Scientists observing Hurricane Sandy, a late October storm that hit the U.S. East Coast, said the intensity of the storm was in part a result of warming trends in the region.
Obama, in a news conference Wednesday, took note of the "extraordinarily large number of severe weather events" in recent years.
"I am a firm believer that climate change is real, that it is impacted by human behavior and carbon emissions," he said. "And as a consequence, I think we've got an obligation to future generations to do something about it."
Obama in his first term embraced an "all-of-the-above" energy policy that included expanded access of reserves in the Gulf of Mexico and better fuel economy standards for new vehicles.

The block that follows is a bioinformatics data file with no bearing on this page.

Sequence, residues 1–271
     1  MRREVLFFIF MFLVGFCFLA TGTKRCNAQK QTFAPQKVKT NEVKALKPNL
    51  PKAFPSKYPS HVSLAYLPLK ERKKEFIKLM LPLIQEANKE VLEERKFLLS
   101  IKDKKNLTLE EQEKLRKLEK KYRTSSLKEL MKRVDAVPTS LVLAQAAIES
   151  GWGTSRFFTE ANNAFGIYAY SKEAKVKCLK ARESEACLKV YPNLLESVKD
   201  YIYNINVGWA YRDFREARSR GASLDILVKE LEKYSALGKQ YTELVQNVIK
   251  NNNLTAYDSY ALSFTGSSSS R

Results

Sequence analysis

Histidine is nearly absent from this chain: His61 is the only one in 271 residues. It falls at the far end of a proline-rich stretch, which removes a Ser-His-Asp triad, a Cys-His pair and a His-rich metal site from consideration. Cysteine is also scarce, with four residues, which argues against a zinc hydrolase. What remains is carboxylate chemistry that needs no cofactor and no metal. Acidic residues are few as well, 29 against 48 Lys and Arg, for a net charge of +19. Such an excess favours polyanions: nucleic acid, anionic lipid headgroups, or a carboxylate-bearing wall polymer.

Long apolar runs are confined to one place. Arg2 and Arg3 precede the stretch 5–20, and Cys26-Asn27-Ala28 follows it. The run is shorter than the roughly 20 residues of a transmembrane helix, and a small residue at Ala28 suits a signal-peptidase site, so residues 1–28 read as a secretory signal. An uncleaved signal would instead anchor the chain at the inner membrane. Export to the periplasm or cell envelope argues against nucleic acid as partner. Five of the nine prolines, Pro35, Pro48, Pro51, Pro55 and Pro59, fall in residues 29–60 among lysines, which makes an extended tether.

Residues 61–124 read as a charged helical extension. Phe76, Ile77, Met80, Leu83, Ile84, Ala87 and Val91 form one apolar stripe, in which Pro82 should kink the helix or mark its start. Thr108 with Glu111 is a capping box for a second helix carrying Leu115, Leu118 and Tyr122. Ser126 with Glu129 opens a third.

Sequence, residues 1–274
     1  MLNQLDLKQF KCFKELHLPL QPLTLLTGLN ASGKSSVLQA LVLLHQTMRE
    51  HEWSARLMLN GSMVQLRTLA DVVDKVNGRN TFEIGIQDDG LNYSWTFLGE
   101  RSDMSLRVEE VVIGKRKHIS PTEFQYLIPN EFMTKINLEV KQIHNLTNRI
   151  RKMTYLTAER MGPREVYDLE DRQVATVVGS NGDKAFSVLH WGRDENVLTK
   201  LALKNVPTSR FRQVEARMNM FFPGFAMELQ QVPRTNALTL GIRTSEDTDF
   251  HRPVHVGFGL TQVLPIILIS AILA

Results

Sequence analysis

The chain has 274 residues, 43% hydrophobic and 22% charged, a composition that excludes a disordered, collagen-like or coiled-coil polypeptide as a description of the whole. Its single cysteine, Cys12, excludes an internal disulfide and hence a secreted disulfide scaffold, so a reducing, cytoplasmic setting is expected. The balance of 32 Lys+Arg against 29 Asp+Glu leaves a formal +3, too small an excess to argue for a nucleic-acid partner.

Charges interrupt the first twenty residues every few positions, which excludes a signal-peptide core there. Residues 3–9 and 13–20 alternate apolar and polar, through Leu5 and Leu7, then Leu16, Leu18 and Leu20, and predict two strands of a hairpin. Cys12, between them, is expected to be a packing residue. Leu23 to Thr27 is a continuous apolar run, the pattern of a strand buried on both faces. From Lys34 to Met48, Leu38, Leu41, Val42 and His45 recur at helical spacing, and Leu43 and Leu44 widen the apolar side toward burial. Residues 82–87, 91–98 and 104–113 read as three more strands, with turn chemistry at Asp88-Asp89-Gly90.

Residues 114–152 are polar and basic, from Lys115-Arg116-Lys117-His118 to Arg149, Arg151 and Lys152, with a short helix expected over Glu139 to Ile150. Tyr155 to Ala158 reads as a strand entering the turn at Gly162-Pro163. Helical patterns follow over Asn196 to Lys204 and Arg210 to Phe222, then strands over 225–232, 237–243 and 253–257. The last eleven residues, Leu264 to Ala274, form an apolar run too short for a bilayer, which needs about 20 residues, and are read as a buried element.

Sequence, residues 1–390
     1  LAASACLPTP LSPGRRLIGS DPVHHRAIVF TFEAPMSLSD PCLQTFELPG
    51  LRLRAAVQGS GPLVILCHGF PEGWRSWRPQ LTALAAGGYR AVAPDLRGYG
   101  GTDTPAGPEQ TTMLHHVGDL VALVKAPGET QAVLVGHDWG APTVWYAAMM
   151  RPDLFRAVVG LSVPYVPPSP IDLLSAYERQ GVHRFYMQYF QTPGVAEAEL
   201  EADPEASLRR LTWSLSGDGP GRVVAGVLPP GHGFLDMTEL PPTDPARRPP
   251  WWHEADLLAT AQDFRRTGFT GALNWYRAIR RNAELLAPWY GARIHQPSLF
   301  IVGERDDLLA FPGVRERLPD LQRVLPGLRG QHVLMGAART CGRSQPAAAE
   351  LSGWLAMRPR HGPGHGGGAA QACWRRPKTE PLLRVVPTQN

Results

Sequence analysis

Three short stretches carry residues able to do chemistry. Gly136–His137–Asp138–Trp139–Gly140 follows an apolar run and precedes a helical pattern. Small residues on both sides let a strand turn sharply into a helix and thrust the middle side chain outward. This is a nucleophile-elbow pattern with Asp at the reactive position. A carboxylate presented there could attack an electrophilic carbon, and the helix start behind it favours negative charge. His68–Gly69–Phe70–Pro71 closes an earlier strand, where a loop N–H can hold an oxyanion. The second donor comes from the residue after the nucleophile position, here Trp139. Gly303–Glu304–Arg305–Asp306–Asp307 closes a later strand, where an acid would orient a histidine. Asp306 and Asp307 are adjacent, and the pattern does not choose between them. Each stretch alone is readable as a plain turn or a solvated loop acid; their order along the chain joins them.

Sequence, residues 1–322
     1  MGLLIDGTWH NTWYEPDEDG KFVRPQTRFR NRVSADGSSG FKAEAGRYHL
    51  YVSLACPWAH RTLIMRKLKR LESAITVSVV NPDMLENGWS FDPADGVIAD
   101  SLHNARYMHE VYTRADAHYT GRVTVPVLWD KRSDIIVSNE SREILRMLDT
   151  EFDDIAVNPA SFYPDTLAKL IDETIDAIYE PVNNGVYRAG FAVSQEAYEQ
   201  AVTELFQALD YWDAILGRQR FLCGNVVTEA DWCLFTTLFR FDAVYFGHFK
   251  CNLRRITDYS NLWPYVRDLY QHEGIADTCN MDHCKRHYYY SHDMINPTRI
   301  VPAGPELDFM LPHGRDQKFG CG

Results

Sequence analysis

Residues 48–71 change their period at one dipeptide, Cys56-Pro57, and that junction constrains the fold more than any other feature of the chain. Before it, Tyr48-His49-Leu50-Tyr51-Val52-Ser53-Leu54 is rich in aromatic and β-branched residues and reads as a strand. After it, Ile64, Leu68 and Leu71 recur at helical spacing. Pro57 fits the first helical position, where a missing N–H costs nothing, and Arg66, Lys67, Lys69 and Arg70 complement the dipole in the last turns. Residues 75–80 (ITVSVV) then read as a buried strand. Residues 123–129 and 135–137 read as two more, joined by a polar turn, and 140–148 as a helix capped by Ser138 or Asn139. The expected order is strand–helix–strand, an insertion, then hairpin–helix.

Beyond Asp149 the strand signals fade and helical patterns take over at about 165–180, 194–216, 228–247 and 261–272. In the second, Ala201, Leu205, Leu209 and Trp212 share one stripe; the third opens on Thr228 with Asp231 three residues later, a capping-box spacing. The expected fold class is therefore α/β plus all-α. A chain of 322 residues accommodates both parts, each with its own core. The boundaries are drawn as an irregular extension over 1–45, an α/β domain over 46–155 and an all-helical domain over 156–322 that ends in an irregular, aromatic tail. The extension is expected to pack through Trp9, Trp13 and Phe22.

For his second term, the president said he would meet with scientists, engineers and policymakers on the best way to tackle immediate climate concerns.
"We can shape an agenda that says we can create jobs, advance growth and make a serious dent in climate change and be an international leader," he said.
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